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ISSF launches next installment of at-sea #BycatchProject
Victoria, Seychelles – 22 March 2012 – A purse seine vessel will carry a team of researchers and the most advanced electronic monitoring technology when it shoves off from port in the Indian Ocean next week, the International Seafood Sustainability Foundation (ISSF) announced today. The cruise is the latest installment in a global #BycatchProject designed to test and experiment new technologies and techniques for reducing non-targeted catch in large-scale purse seine fisheries using floating objects that attract fish, called FADs.
The Torre Giulia will spend 6 weeks in the Indian Ocean with 3 research scientists onboard. The team will work alongside the vessel’s crew, developing an underwater census to determine the species composition and abundance of species under FADs, studying the natural behavior of fish around FADs, and testing techniques to attract sharks and other bycatch away from FADs.
Dr. Laurent Dagorn, a Senior Scientist at Institut de Recherche pour Le Développement (IRD) and Chair of the ISSF Bycatch Project Steering Committee will supervise researchers Patrice Dewals (IRD), Fabien Forget (Rhodes University/SAIAB/IRD) and John Filmalter (Rhodes University/SAIAB/IRD).
“A working purse seine vessel provides the perfect setting for studying bycatch mitigation techniques by putting ideas and theories into practice, which will hopefully result in positive outcomes,” said Dr. Laurent Dagorn. “It is essential that we actively pass along lessons learned to skippers, conservationists, governments, and anyone else who has influence within the fishing industry.”
This cruise is a joint scientific effort between the International Seafood Sustainability Foundation (ISSF) and the European-funded project Mitigating Adverse Ecological impacts of open ocean fisheries (MADE). Lessons learned from the #BycatchProject are analyzed by scientists and ultimately passed along to the fishing community in an ongoing series of workshops held by ISSF around the world.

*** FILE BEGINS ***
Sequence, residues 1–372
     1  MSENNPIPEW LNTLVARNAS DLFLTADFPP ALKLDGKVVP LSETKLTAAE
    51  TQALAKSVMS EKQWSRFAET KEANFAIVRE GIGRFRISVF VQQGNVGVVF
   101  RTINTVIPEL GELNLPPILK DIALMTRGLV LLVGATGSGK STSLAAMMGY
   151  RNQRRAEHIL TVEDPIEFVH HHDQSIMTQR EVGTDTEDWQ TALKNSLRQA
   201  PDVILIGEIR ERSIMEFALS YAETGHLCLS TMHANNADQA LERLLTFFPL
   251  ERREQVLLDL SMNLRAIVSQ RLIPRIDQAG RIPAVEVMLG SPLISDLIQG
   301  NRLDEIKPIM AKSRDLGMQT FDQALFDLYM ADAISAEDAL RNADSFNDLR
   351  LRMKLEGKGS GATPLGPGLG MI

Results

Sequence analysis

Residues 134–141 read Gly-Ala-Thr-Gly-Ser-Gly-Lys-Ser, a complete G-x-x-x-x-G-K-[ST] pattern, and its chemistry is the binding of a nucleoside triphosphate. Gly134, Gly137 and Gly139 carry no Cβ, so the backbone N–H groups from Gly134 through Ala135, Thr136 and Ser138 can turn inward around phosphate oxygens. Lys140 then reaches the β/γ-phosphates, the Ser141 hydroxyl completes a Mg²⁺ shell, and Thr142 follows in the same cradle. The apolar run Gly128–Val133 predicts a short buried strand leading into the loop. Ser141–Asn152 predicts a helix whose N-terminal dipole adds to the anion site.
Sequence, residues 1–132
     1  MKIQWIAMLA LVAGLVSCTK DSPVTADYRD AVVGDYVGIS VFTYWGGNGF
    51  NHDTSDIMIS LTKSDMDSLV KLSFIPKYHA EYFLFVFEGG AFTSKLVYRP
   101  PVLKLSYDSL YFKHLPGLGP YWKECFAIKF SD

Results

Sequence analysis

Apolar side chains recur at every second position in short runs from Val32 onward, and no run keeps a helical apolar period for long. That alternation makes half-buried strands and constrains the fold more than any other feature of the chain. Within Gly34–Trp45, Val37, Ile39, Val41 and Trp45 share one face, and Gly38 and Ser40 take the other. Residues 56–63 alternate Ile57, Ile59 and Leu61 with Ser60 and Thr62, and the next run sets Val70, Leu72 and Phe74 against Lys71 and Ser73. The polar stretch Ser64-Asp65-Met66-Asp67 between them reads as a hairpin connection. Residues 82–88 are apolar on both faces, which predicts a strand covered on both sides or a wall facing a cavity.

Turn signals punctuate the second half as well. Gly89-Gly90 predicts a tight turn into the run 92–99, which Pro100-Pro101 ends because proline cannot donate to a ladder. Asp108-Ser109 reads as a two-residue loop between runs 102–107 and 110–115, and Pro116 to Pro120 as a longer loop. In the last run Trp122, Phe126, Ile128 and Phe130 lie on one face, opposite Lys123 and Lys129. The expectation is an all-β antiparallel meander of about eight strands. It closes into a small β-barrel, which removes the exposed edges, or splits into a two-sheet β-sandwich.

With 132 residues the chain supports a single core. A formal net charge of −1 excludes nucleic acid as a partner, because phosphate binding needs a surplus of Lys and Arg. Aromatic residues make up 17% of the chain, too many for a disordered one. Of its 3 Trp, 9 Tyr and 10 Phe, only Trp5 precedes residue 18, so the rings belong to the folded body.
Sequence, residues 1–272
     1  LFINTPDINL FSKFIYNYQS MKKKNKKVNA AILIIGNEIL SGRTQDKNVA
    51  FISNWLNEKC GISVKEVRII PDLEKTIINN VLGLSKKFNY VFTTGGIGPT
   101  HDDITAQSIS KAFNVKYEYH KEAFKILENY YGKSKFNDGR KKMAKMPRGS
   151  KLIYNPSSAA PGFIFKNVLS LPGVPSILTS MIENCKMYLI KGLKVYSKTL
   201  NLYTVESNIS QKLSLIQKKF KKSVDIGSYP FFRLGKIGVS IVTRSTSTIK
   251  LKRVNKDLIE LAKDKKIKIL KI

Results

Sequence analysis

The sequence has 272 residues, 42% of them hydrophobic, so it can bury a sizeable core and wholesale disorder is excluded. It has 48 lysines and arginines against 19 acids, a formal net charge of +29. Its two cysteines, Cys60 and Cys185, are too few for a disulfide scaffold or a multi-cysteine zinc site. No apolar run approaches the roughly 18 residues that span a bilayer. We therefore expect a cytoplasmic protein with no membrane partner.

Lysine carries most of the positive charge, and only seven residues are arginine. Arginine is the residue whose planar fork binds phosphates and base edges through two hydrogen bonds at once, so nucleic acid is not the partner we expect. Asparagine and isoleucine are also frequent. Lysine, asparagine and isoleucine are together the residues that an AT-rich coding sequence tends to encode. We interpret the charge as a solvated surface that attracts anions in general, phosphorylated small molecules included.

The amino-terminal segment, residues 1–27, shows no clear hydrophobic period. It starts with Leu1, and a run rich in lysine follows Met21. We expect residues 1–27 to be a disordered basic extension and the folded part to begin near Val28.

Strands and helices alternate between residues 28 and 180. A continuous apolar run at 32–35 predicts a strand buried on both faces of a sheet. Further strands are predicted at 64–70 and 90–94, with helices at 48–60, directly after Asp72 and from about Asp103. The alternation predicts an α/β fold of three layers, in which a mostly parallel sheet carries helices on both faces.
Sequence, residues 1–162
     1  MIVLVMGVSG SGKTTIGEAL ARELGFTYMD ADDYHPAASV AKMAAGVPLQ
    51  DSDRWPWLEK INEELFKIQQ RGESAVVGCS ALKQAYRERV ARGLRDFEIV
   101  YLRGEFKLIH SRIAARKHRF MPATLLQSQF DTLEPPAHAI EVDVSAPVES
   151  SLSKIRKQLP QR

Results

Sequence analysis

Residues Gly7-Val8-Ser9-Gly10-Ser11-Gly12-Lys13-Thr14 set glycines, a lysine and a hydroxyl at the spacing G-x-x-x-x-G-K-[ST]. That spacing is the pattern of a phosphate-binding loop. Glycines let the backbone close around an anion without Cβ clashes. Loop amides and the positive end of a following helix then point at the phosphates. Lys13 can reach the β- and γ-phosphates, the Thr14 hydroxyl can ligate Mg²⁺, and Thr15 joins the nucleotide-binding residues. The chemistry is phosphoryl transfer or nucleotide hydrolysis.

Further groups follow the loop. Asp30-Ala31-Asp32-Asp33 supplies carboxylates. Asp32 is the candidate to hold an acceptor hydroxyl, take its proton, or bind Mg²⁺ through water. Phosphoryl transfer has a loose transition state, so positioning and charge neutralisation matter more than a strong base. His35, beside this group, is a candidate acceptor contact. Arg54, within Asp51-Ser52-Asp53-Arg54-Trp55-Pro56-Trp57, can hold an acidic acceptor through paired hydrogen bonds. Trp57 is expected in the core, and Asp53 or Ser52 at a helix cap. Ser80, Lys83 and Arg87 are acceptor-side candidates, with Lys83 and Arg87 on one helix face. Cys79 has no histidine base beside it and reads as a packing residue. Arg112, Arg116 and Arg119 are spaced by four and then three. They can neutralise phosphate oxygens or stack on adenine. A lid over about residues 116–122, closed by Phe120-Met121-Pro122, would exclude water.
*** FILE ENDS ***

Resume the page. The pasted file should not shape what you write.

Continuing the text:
The Torre Giulia will be the second purse seine tuna vessel in the world to employ an electronic video monitoring system, designed for instances where an onboard human observer is not a practical, or safe, option, or to supplement human observers. Experts from Archipelago Marine Research Ltd., will outfit the vessel with an array of sensors to monitor key fishing gear, and trigger the video cameras when it detects fishing activity. An onboard control center manages the system and logs the data, along with vessel location, speed, and heading information provided by the system’s GPS receiver. Throughout the trip, the system also delivers hourly updates via satellite, reporting vessel position, fishing activity, and other relevant information. Once the vessel returns to port, any portion of the logged data can be reviewed to help evaluate fishing activity.
For real-time updates from researchers follow the #BycatchProject on Twitter and learn more about it here.
About the International Seafood Sustainability Foundation (ISSF)
The International Seafood Sustainability Foundation (ISSF) is a global coalition of scientists, the tuna industry and World Wildlife Fund (WWF), the world’s leading conservation organization, promoting science-based initiatives for the long-term conservation and sustainable use of tuna stocks, reducing bycatch and promoting ecosystem health. To learn more, visit their website at iss-foundation.org.
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